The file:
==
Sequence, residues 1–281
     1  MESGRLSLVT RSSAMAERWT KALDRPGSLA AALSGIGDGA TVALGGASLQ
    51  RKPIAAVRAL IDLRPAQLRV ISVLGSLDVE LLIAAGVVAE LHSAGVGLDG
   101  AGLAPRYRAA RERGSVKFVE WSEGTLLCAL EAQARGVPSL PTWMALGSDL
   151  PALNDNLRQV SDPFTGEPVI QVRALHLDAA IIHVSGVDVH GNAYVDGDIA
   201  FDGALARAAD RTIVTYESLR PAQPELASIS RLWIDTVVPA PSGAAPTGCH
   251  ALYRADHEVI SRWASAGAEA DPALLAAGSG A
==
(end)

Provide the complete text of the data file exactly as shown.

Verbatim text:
Sequence, residues 1–281
     1  MESGRLSLVT RSSAMAERWT KALDRPGSLA AALSGIGDGA TVALGGASLQ
    51  RKPIAAVRAL IDLRPAQLRV ISVLGSLDVE LLIAAGVVAE LHSAGVGLDG
   101  AGLAPRYRAA RERGSVKFVE WSEGTLLCAL EAQARGVPSL PTWMALGSDL
   151  PALNDNLRQV SDPFTGEPVI QVRALHLDAA IIHVSGVDVH GNAYVDGDIA
   201  FDGALARAAD RTIVTYESLR PAQPELASIS RLWIDTVVPA PSGAAPTGCH
   251  ALYRADHEVI SRWASAGAEA DPALLAAGSG A